The main outcomes of interest were virological suppression (HIV RNA < 40 copies/ml), drug resistance mutation/s and immunological recovery. Virological suppression was defined as HIV viral load <40 copies/ml. Immunological recovery was evaluated based on CD4+ T cell response: patients who failed to achieve an absolute increase in CD4+ T cell count from baseline by at least 50 cell/mm3 at 12 months were defined as immunological non responders. Those patients who achieved an absolute CD4+ T cell count of 200 cells/mm3 at the 12 months visit were defined as immunological responders. Absolute response in CD4+ T cell count was calculated at every 6 months intervals and categorized into 2 phases: Phase I from base line to 12 months, Phase II from 13–48 months. Duration of ART was rounded to the nearest half or full year. Univariate analysis was performed for sex, age, WHO clinical stages, ART regimen at baseline, duration of ART, haematocrit value and CD4+ T cell count. Logistic regression was used to study associations between baseline characteristics and outcomes. A p-value of less than 0.05 was considered statistically significant. The statistical analyses were carried out using SPSS statistical software version 17.

Ethical issues

The work meets relevant ethical guidelines. Institutional ethical clearance was obtained from the University of Gondar Ethics Review Committee. Written and/or verbal informed consent was also obtained from study subjects and/or families and/or guardians.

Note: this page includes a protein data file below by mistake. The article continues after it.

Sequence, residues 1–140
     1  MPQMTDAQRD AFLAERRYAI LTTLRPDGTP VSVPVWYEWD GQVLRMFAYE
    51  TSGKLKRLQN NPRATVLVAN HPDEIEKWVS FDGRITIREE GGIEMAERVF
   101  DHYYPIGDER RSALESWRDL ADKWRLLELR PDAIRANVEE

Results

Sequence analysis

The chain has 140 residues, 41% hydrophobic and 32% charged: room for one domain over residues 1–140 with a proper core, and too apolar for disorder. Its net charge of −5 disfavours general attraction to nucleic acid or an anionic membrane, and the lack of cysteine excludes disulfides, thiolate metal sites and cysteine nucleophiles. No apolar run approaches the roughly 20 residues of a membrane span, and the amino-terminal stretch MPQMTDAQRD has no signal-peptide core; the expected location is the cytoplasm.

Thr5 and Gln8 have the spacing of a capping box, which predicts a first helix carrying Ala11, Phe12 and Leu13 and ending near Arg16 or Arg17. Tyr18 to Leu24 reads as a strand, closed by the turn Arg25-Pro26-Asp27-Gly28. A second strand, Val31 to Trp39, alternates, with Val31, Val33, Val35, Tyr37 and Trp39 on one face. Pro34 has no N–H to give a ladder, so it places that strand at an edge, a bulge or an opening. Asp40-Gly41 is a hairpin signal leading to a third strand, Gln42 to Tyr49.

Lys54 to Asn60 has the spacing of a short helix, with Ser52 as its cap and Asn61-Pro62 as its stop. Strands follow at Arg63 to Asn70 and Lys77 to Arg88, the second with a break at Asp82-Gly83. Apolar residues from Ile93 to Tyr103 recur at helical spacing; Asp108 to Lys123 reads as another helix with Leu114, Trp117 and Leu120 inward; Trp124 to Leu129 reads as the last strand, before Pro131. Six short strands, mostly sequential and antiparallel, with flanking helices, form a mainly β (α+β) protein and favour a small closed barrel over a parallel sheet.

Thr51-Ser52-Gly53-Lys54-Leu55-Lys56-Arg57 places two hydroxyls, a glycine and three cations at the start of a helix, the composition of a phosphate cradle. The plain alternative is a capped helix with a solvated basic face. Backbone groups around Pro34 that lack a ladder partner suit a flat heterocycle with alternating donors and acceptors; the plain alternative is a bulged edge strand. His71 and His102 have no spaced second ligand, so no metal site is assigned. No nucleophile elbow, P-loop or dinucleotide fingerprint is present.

Results

Baseline patient’s characteristics

A total of 200 HIV-infected patients (100 adults and 100 children) were included in the present study with the mean ± standard deviation age of 34.2 ± 8.4 and 5.3 ± 1.2 years, respectively. At baseline the median CD4+ T cell count for adults and children was 144 cells/mm3 (Inter quartile range (IQR) 91.25-181.75) and 345 (IQR 17–1435). The median duration with ART was 24 months (IQR: 18.00-29.25) for both adults and children. The proportions of patients with CD4+ T cell strata, WHO clinical stages, the duration of time on ART, the main therapeutic regimen are summarized in Table  1. A standard first-line ART regimen as defined by national ART guidelines was initiated: 3TC + d4T + NVP for 39% of adults and children; 3TC + AZT + NVP for 12 and 57% of adults and children (Table  1). All the children except two were born from HIV infected mothers without exposure to single dose nevirapine (sdNVP) and combined ART for prevention of mother to child transmission (PMTCT) prophylaxis.